Monday, October 24, 2011

Everything Old Is New Again. Spicy Lentil Puff Pancakes

   There's an old saying, "You only go around once...." okay, so like maybe it's an old beer saying or something, but it's true, true! You only go around once, unless you're a fondue pot, or a cappuchino machine, a pasta maker, a crock pot or a stand mixer. You see, I know about this kind of stuff because I've been to this appliance goat roping before. I was there in the '70's. Yep, the first time around when all of the above named appliances were avocado or harvest gold (charmingly retro today) and weighed a ton. These were all appliances I was given when I was like 21 and could have cared less about grinding out pasta or slow cooking anything.

   The cappuchino machine I was afraid of (too many knobs and dials and spouts) the stand mixer... please lets not go there. I was 21 it was the '70's. Stand mixer? You've got to be kidding. The one thing I got any use out of was the metal  fondue pot and it's accompanying can of sterno, source of many wine-fueled, cushion-strewn "fondue parties" that I cannot remember. I do know I was there, I still have the forks. The pot is gone. It went to a young Producer friend of ours who came over when we were renovating our house in LA and practically pissed himself laughing at it.

   "Can I have it..pleasssssse? " snarky little Gen x'er. He wanted to take my pot and scurry off to laugh about it with his Gen x friends.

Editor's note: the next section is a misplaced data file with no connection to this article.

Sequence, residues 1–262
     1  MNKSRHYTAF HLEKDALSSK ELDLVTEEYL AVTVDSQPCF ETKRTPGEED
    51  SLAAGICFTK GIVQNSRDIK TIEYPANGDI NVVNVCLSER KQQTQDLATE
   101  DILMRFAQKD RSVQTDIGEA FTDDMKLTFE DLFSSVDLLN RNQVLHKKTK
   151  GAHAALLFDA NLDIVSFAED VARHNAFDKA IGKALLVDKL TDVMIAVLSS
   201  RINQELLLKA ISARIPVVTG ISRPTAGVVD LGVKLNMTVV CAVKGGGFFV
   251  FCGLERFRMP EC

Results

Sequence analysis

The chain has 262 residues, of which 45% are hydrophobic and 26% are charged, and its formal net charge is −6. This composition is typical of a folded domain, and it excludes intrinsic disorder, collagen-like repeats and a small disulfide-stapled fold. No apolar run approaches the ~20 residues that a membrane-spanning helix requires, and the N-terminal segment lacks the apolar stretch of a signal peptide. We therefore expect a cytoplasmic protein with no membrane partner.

"Sure help yourself" I told him. He prowled around my cabinets. He noticed my brown Franciscan glassware.

  "Ewwwwwww, brown glassware. Can I have it?"

    "Knock yourself out."

    He did. The little hipster took the brown stoneware dishes too. Losing the other stuff was my fault however. I had already given everything away years before and so had to re-buy all those appliances when they all became "new" and cool" again. Okay, so I'm a dope, but unless you'd been there I can't tell you how uncool it felt to have someone give you a pasta machine when you're 21 and single in LA. Especially if the giver is your great Aunt Pia and she also wants to talk to you about the "facts of life" in broken English, and I'm not talking about the TV show.

   There was one thing however that escaped the uncool, the embarrassing, the scary, and that was my cast iron appleskivver pan. One of my cousins gave it to me when I got married, and for some reason I've carried it around ever since. All sorts of stuff has come and gone but that damn pan still abides. About a year ago I used it for the first time. It has not been used since then, that is until I saw an amazing recipe on my friend Cool Lassie's Blog. The recipe was for little spicy lentil ball puff pancakes and from the moment I saw them I knew I wanted to give them a try. So I did.

   The recipe is easy to mix up and has just a few ingredients, but there is one tricky part. That is manipulating those little pancake balls around the pan and flipping them over, and I was out of practice. So I did what made sense. I rehearsed before I served them. Yes, I rehearsed my puffy pancakes, so there! And you know,  it was worth it. I had so much batter that there was plenty to spare, and if you are going to make this dish and serve it to actual humans, my advice is to give yourself some rehearsal. You won't be sorry. You won't be sorry if you make these either, as they are tasty, crunchy, vegan, gluten free, vegetarian, you name it. Something for everybody.

Spicy Lentil Puffs

Here's what to do:

Make the batter.
In a large bowl soak 2 and 1/2 cups of rice and 1 and 1/2 cups of "toor" dal, sometimes known as pigeon peas, in enough water to cover.